The unparalleled achievements of Ngapuhi's Portia Woodman on the international stage over the past 12 months saw her pick up the Supreme Sportsperson Award at the 2018 Te Taitokerau Maori Sports Awards.
With other engagements preventing Woodman being there in person, the Mid North whanau of the Black Ferns rugby sevens star — apparently ranked 9th most influential player in world rugby according to one source — picked up the award on her behalf at this year's ceremony held at the Waitaha Event Centre at Copthorne Hotel and Resort Bay of Islands in Waitangi on Saturday night.
Jim [Larkin] to me is absolutely typical of the New Zealand volunteer person who gets off his backside to help people. He was the glue. We just can't afford to lose people like Jim.
Having just returned home after being a vital cog in the Black Ferns win at the opening leg of the international women's sevens circuit at Glendale, the Black Ferns Sevens speedster was also named Open Female Sportsperson of the Year earlier in the evening.
It was the second year in a row Woodman has picked up the two gongs after the Te Taitokerau awards evening had been reanimated to its rightful place on the Far North events calendar in 2017.
The other marquee award of the night went to Vodafone Warriors and New Zealand Kiwis star Adam Blair (Te Rarawa), who was named Open Male Sportsperson of the Year.
Unable to make it to the occasion as he is currently on tour with the New Zealand Kiwis in England, Blair's award was accepted on his behalf by the CEO of Rugby League Northland (and Hokianga Pioneers stalwart), Phil Marsh.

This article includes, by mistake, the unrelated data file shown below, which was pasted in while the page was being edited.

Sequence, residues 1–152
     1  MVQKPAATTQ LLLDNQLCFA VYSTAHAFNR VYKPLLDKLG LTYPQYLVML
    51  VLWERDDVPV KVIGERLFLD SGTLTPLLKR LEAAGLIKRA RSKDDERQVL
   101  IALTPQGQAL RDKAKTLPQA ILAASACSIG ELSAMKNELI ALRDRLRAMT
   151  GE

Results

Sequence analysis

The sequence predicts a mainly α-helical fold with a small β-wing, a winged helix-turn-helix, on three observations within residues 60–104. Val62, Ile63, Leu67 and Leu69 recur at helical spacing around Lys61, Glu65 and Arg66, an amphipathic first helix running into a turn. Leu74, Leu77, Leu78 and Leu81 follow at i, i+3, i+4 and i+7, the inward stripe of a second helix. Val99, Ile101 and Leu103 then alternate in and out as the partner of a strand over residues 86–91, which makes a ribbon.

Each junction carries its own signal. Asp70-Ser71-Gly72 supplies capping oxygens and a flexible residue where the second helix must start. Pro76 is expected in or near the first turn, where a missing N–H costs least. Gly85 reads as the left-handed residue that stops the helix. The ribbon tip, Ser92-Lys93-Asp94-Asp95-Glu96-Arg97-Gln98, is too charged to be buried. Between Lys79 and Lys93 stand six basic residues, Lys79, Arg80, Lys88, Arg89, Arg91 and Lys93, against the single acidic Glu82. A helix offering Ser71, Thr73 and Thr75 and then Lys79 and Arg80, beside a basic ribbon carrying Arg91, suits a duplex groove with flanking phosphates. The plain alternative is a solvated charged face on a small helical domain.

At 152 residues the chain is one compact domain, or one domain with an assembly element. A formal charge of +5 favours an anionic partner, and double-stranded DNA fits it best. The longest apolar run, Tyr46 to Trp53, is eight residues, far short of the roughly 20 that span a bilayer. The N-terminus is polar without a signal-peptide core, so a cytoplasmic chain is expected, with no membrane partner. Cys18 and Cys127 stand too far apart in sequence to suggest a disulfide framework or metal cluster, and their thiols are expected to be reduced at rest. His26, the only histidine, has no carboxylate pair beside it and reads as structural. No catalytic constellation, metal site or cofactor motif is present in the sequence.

The other big awards of the night saw Killarney Morey (Te Rarawa) picking up the junior female sportsperson gong, while Kaitaia College wrestler Arapo Kellner (Ngapuhi) was named junior male sportsperson.
Preparing to join the Northern Mystics' wider train on squad next month, Morey was given the nod by the awards judging panel for her achievements in netball and AFL, while Kellner was picked for representing New Zealand at the Youth Olympics in Buenos Aires earlier this month by competing in the 60kg Greco Roman class.
Silver Ferns coach Noelene Tauroa (Ngapuhi, Ngati Whatua, Ngati Rehia) was named Coach of the Year; while the Team Tai Tokerau women claimed the Outstanding Team award for their triple gold medal run at the world outrigger canoe championships in Tahiti, as well as their domination of waka ama regattas on both local and national stages.
Other winners included Cameron Leslie (Ngapuhi), named Disabled Sportsperson for his achievements in wheelchair rugby and parafed swimming; renowned Kaeo boxing exponent Rusty Porter (Ngati Kahu ki Whangaroa, Ngapuhi) presented with a Service to Sport award; Yves Brown from Kerikeri picking up the Official of the Year for her efforts in traditional Maori games; Veronica 'Ronnie' Tamati (Te Rarawa) emerged as a popular joint winner of the Community Service Award — alongside the KaiMatariki club — for her efforts promoting league and waka ama in the North Hokianga; while Nicole Robinson (Ngapuhi) won the Sports Administrator award for her commitment towards promoting the codes of rugby and league from Kaikohe.
The biggest cheer of the night, however, came when Pawarenga United — comprised of Taiao, Ohaki and Morehu marae — was announced Outstanding Marae for organising the world famous Pawarenga Sports Day event on New Year's Eve.
A highlight of the evening occasion was a short address by special guest, Sir Graham Lowe.
"It's my absolute honour and privilege to be here," Lowey assured the gathering, before going on to speak about the unifying power of sport, and how sport was both underfunded and under-appreciated by government for its ability to empower communities particularly in more remote areas such as those in the Far North.
He also reminded everyone there to always grab any opportunities which came along with both hands, and paid tribute to his dear friend, Kaitaia league identity Jim Larkin.
"I was so lucky in my career to have volunteers who helped and guided me. Jim to me is absolutely typical of the New Zealand volunteer person who gets off his backside to help people. He was the glue. We just can't afford to lose people like Jim," Lowe said.
The evening concluded with a moving ceremony which saw Ngapuhi accepting the right from Ngai Takoto to host next year's event.